Connors-BRI Symposium

Incorporating Sex as Biologic Variable to Advance Health

May 24, 2021 | 3-5PM

Virtual Event

Jennifer Sneider, PhD

McLean Hospital, Harvard Medical School


Major depressive disorder (MDD) is a debilitating disorder, which interferes with daily functioning, and occurs at a higher rate in women versus men. Without treatment, MDD is a chronic burden associated with an increasing disability over time, particularly in women. Often emerging during adolescence, MDD has pronounced, detrimental effects, including negative impacts on academic, cognitive and social outcomes. Depressive episodes in adolescents typically last several months, and when untreated, increases harmful and life-threatening behaviors, including substance use, self-harm, and suicide, the latter of which is a leading cause of death among youth worldwide. As adolescent girls likewise have greater odds of developing depression than boys (36.1% versus 13.6%, respectively), understanding sex differences in MDD is critical. Hippocampal structure and function have been linked to MDD pathology, suggesting the hippocampus is a particularly vulnerable region. As hippocampal maturation is ongoing during adolescence, examining sex-specific effects of MDD on memory is warranted. We have applied the spatial memory Morris Water Task (MWT), known to demonstrate sex differences, to confirm hippocampal activation during fMRI. Using this task, we found functional alterations associated with MDD in adult women. While we have shown hippocampal activation during task performance in healthy adolescents, hippocampal correlates of MDD, prior to the onset of symptoms during adolescence, is largely understudied. As neuronal efficiency increases developmentally during task performance, emerging depressive symptoms could negatively impact brain maturation. Characterizing hippocampal function in adolescent girls before onset of depressive symptomatology may reveal neurobiological markers that predict who is at risk of developing depression. In turn, this could inform prevention strategies and help develop novel treatment approaches for adolescents with MDD, which are likely sex specific. Thus, incorporating sex as a biologic variable is crucial to understanding healthy brain development, as well as for diminishing impacts of MDD during adolescence.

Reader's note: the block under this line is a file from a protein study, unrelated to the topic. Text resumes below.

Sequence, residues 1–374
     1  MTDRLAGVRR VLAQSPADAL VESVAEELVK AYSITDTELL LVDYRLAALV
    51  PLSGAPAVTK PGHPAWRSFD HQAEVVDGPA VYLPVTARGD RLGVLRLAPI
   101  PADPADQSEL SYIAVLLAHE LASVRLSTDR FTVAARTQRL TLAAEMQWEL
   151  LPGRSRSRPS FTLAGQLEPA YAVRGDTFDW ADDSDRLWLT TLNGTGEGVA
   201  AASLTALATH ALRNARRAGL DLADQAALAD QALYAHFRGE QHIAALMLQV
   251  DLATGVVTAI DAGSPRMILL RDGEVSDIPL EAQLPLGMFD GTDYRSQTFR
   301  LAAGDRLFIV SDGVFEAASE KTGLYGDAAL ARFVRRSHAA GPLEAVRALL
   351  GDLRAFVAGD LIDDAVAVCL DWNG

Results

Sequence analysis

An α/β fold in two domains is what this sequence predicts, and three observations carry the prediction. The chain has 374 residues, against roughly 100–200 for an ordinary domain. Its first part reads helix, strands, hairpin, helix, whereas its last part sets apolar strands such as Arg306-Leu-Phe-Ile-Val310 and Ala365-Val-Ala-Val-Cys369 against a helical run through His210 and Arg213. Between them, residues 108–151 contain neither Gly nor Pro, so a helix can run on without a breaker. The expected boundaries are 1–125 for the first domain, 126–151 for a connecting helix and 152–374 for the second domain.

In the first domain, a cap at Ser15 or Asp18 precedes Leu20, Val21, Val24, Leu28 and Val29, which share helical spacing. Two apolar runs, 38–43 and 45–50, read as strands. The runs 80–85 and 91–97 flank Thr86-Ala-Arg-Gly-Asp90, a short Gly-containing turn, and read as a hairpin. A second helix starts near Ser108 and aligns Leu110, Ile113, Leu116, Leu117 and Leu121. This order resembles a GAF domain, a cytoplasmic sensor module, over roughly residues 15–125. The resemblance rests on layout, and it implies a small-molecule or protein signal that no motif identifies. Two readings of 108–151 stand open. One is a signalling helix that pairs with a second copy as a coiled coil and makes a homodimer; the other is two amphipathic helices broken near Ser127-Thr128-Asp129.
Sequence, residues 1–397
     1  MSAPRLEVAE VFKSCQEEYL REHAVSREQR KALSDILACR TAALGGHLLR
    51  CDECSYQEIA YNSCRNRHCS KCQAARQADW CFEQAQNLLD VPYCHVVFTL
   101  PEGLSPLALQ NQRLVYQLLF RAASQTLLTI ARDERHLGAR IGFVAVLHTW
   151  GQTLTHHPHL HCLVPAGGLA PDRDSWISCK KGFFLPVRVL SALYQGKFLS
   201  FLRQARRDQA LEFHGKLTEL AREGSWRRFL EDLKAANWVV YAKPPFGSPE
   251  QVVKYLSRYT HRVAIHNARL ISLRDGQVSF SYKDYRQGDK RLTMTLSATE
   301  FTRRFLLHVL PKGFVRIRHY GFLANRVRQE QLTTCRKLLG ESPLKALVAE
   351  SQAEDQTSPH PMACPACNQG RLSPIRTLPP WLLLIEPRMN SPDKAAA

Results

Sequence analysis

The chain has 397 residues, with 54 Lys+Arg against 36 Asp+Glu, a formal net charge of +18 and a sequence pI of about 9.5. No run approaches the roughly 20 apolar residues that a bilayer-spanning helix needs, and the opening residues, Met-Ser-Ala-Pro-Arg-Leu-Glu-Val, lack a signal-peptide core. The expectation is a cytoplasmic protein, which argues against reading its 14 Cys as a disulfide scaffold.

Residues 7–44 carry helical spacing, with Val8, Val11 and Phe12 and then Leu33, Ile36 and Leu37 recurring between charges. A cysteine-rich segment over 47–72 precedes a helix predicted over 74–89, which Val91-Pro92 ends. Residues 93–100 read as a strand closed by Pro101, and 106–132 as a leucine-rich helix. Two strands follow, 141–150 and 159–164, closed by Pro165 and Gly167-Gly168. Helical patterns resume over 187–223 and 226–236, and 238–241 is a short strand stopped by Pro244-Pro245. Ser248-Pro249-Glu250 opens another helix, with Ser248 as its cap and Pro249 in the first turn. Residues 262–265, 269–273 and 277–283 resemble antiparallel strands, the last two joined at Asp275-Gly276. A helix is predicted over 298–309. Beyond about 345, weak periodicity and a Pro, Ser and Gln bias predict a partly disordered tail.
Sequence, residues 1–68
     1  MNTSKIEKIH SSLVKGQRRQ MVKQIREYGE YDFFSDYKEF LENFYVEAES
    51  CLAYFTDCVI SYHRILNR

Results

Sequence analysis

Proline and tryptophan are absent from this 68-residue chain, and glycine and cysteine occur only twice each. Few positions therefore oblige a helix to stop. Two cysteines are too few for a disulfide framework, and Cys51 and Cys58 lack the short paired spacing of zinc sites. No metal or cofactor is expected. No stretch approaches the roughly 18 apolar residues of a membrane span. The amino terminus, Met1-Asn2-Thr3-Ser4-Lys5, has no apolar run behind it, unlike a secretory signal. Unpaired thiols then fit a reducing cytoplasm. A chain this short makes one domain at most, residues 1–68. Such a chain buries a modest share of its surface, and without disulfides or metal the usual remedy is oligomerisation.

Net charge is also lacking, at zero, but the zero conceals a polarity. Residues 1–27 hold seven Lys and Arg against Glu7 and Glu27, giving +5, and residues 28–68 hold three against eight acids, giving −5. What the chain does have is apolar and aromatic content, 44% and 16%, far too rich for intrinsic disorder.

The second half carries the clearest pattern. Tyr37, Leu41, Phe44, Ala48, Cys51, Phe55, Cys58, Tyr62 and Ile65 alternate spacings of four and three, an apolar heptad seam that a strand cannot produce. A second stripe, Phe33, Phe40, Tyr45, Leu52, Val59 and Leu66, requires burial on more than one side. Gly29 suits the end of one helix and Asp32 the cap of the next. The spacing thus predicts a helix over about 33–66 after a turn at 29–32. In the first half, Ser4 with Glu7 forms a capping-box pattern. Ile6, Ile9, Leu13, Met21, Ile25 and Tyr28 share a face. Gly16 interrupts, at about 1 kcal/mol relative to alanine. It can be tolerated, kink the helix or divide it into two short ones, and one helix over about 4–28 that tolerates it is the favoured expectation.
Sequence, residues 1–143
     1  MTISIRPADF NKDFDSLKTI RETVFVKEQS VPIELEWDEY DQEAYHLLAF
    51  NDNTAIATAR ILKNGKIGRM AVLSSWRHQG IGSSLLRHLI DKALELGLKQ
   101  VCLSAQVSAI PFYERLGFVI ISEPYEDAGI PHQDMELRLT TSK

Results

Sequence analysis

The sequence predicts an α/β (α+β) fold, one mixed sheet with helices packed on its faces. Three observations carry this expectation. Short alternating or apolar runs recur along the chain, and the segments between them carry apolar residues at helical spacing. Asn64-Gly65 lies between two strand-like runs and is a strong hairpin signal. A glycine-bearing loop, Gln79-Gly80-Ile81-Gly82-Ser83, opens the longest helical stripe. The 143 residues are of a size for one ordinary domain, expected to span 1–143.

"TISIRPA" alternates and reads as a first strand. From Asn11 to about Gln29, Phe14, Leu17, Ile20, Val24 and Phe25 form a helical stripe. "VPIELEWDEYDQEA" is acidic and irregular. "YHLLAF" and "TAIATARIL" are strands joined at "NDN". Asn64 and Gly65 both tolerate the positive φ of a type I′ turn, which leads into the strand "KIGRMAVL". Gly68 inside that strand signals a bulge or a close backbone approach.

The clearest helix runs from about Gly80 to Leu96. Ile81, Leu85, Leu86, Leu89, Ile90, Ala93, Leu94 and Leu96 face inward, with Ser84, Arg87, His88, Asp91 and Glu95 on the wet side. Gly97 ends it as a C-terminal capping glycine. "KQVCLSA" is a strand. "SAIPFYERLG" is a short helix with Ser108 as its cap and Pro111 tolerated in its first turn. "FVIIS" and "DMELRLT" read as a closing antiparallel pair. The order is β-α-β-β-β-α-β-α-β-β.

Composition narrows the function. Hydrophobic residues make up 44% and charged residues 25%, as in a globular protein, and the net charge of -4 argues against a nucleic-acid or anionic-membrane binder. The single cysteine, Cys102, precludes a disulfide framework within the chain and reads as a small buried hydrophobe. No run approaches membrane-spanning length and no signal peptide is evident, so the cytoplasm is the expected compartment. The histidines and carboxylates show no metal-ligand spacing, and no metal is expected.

3PM – Welcome Remarks
3:05PM – Keynote Address
3:45PM – Featured Short Talks
4:20PM – Lightning Talks
4:50PM – Closing Remarks

Keynote Speaker

Janine Austin Clayton, MD

Janine Austin Clayton, M.D., Associate Director for Research on Women’s Health and Director of the Office of Research on Women’s Health (ORWH) at the National Institutes of Health (NIH), is the architect of the NIH policy requiring scientists to consider sex as a biological variable across the research spectrum. This policy is part of NIH’s initiative to enhance reproducibility through rigor and transparency. As co-chair of the NIH Working Group on Women in Biomedical Careers with NIH Director Dr. Francis Collins, Dr. Clayton also leads NIH’s efforts to advance women in science careers.

Prior to joining the ORWH, Dr. Clayton was the Deputy Clinical Director of the National Eye Institute (NEI) for seven years. A board-certified ophthalmologist, Dr. Clayton’s research interests include autoimmune ocular diseases and the role of sex and gender in health and disease. She is the author of more than 120 scientific publications, journal articles, and book chapters.
Dr. Clayton, a native Washingtonian, received her undergraduate degree with honors from Johns Hopkins University and her medical degree from Howard University College of Medicine. She completed a residency in ophthalmology at the Medical College of Virginia. Dr. Clayton completed fellowship training in cornea and external disease at the Wilmer Eye Institute at Johns Hopkins Hospital and in uveitis and ocular immunology at NEI.

Dr. Clayton has received numerous awards, including the Senior Achievement Award from the Board of Trustees of the American Academy of Ophthalmology in 2008 and the European Uveitis Patient Interest Association Clinical Uveitis Research Award in 2010. She was selected as a 2010 Silver Fellow by the Association for Research in Vision and Ophthalmology. In 2015, she was awarded the American Medical Women’s Association Lila A. Wallis Women’s Health Award and the Wenger Award for Excellence in Public Service. Dr. Clayton was granted the Bernadine Healy Award for Visionary Leadership in Women’s Health in 2016. She was also selected as an honoree for the Woman’s Day Red Dress Awards and the American Medical Association’s Dr. Nathan Davis Awards for Outstanding Government Service in 2017.